A No Fly Zone has been put in place, thousands of lives have been saved, sanctions have been introduced and an arms embargo is being enforced. The Qadhafi regime has been dealt a serious blow.
At the start of this year, Libyans began peaceful protests calling for a more open and democratic country. Qadhafi and his forces responded with widespread violence against the people of Libya, committing serious human rights violations.
In February the United Nations condemned the brutality, with the threat of further action. Wide ranging sanctions were introduced. There was unprecedented criticism of Libya at the Arab League and African Union and crimes in Libya were referred to the International Criminal Court.
Libya became the first country to be suspended from the Human Rights Council. But Qadhafi ignored all of this. As the situation deteriorated, the United Nations ruled on 17 March in favour of “all necessary measures to protect civilians.” That ruling is known as the United Nations Security Council Resolution 1973.
The resolution does the following:
The resolution explicitly rules out any foreign occupation force being sent in to Libya.
The decision on British military involvement in Libya was not taken lightly. It was taken because it was necessary to protect the Libyan people. The entire Cabinet and the vast majority of MPs agreed that it was the right thing to do. Importantly, our action has the clear legal backing of the United Nations, as well as support from the Arab League.The UN enforcement action we are taking is necessary, legal and right. Necessary, because Qadhafi continues to brutalise his own people in flagrant breach of a UN Resolution 1973. Legal, because we have a clear UN Resolution, which authorises “all necessary measures” to protect civilians. And right; we have a moral duty to intervene.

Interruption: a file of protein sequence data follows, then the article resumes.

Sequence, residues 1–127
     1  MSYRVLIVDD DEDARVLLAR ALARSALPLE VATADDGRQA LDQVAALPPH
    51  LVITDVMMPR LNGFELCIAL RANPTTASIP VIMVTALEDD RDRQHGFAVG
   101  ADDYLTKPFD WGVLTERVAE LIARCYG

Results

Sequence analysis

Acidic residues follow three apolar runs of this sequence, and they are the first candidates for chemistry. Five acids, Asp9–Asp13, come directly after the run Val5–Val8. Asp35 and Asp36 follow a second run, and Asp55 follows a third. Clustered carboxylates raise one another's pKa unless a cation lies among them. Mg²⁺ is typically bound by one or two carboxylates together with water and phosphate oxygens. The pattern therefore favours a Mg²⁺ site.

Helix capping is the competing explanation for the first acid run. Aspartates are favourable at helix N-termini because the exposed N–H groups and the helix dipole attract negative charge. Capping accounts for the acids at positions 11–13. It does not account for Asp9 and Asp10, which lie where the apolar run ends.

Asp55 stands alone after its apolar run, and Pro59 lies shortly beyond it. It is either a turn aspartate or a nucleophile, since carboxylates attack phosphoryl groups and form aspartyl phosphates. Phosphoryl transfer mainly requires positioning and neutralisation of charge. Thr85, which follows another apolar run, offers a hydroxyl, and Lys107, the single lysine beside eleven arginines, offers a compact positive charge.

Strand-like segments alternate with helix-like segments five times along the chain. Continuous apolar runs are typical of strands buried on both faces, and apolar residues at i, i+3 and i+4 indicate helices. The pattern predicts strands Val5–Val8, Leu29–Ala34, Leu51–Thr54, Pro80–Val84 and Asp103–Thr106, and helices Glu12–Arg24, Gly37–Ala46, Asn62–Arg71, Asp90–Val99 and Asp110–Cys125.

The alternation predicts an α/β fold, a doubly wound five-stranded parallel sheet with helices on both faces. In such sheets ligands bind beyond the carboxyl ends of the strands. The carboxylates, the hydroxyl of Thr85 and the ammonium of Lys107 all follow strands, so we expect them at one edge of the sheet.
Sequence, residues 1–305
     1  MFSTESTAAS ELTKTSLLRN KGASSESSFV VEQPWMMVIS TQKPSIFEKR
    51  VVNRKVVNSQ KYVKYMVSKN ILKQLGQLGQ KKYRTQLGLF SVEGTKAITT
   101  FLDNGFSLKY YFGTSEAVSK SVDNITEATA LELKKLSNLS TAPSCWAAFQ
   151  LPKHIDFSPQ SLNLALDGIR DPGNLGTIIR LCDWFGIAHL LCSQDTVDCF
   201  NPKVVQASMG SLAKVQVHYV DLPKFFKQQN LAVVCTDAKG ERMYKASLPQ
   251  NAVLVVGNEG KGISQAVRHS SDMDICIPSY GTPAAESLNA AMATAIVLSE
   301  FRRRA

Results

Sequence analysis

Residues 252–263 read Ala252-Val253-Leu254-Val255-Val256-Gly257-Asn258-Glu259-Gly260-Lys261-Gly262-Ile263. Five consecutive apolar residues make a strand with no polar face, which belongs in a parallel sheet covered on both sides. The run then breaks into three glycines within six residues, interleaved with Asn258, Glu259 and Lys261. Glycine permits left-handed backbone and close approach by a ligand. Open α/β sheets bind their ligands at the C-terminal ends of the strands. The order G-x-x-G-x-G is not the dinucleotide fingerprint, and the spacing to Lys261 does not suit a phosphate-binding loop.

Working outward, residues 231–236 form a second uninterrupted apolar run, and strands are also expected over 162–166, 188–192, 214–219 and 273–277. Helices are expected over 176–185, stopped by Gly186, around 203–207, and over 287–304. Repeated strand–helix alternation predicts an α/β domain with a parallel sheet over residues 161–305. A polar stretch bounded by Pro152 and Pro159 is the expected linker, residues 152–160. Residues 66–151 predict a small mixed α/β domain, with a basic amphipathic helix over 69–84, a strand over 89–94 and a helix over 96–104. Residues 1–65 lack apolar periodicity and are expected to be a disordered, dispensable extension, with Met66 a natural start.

Our objective in Libya is to stop the massacre of innocent civilians by Qadhafi and his troops. Avoiding civilian casualties is paramount in this aim. Qadhafi should end the violence and go so that Libyans can decide their own future.
RAF pilots flew to Gioia del Colle in southern Italy on Sunday 20 March and began working with France and America to enforce the No Fly Zone in Libya. The Navy are also providing key support in this action. Our Armed Forces have once again shown their courage and skill and we are immensely proud of them.
NATO assumed full operating capability over all military operations in Libya on 31 March and there are now 34 nations providing a range of assistance.